United States adults say they only feel relaxed approximately 40 minutes per day, on average, with 47% claiming they get even fewer minutes of peace than that, according to a new “self-care” poll.
The survey, conducted by OnePoll on behalf of Sensodyne, asked 2,000 participants about their self-care habits and revealed that more than half of them consider it a priority and spend an average of 38 minutes per day on those efforts — although 15% were prepared to spend over an hour on themselves.
However, the ways individuals define “self-care” are vast, the poll found. In the top spot, 36% of respondents said that meant getting in a workout; for 35%, it was listening to music; and for a downright ascetic 33%, simply flossing qualified as “me time.”
Long showers, baths and complex skin care routines were among other top-ranked wellness routines, as well as a long sofa session with a favorite TV show or movie.
Of the more productive self-care habits, three in 10 liked to unwind with a good book, while journaling — indeed, work to some — ranked at the bottom of the pack, as just 23% found it to be a relaxing activity.
There are barriers to achieving the ultimate self, according to 52%, who said their tenuous finances were holding them back, while 42% simply lacked the motivation. Reassuringly, 72% agreed that the pandemic had prompted them to take more interest in personal wellness.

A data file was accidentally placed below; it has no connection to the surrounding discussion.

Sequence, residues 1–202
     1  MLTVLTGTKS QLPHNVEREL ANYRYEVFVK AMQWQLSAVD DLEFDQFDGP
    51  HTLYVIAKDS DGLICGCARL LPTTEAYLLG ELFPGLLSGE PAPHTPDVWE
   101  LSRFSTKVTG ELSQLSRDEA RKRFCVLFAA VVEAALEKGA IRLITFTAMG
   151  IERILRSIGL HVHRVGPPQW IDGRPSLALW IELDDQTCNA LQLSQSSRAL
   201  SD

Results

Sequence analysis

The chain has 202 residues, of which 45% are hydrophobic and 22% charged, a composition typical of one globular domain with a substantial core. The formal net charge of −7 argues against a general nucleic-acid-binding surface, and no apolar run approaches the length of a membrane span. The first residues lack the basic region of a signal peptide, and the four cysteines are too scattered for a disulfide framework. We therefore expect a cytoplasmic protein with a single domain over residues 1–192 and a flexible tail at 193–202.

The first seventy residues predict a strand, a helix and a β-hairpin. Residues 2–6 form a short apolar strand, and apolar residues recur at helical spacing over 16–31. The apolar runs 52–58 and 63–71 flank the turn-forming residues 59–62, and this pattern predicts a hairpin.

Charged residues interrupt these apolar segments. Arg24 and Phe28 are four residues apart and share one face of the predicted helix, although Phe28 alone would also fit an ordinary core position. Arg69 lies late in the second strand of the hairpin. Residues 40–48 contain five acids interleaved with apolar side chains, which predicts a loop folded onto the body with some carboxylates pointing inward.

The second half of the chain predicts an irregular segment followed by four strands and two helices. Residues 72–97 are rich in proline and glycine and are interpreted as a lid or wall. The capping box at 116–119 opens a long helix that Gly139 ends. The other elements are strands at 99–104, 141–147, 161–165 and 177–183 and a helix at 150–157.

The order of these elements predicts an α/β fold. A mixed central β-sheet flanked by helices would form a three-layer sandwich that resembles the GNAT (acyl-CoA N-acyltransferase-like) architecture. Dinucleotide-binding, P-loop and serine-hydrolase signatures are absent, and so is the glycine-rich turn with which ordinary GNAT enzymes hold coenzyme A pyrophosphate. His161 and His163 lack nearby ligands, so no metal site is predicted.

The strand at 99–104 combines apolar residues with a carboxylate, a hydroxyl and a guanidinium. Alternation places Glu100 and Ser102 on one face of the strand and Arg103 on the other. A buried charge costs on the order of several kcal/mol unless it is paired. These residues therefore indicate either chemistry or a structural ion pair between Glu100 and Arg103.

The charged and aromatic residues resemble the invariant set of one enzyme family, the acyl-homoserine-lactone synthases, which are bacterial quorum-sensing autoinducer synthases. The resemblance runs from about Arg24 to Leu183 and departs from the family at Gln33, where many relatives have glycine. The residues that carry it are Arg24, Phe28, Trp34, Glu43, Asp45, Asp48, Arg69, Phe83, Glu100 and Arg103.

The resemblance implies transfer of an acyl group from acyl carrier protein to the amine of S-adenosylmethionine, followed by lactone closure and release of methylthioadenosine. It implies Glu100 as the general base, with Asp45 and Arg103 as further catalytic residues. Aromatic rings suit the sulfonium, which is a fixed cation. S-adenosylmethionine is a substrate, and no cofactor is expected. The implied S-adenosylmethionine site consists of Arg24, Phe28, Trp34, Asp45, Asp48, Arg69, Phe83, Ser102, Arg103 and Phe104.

While investing over 200 hours per year on self-care, according to the survey, it’s important to consider the environmental impact of these endeavors, said Stephanie Hernandez, a senior brand manager and spokesperson for Sensodyne, who commissioned the study.
“It’s important to make real, positive impacts on the environment, when possible — especially when it comes to products that are being used on a daily basis,” Hernandez said in a statement to South West New Service.
Most respondents, around 70%, said they are worried about the health of the planet, and 67% reported doing their best to be environmentally conscious during self-care, such as turning off the faucet when brushing their teeth (42%), not letting the water run while washing their dishes (39%) and purchasing recycled and recyclable products (36%).
“According to the survey, 64% of Americans said that sometimes their self-care habits make it hard to be environmentally friendly,” added Hernandez. “Making small swaps to a routine like using a recyclable tube and recyclable carton can help maintain a healthy balance of being environmentally conscious while having an effective self-care regime.”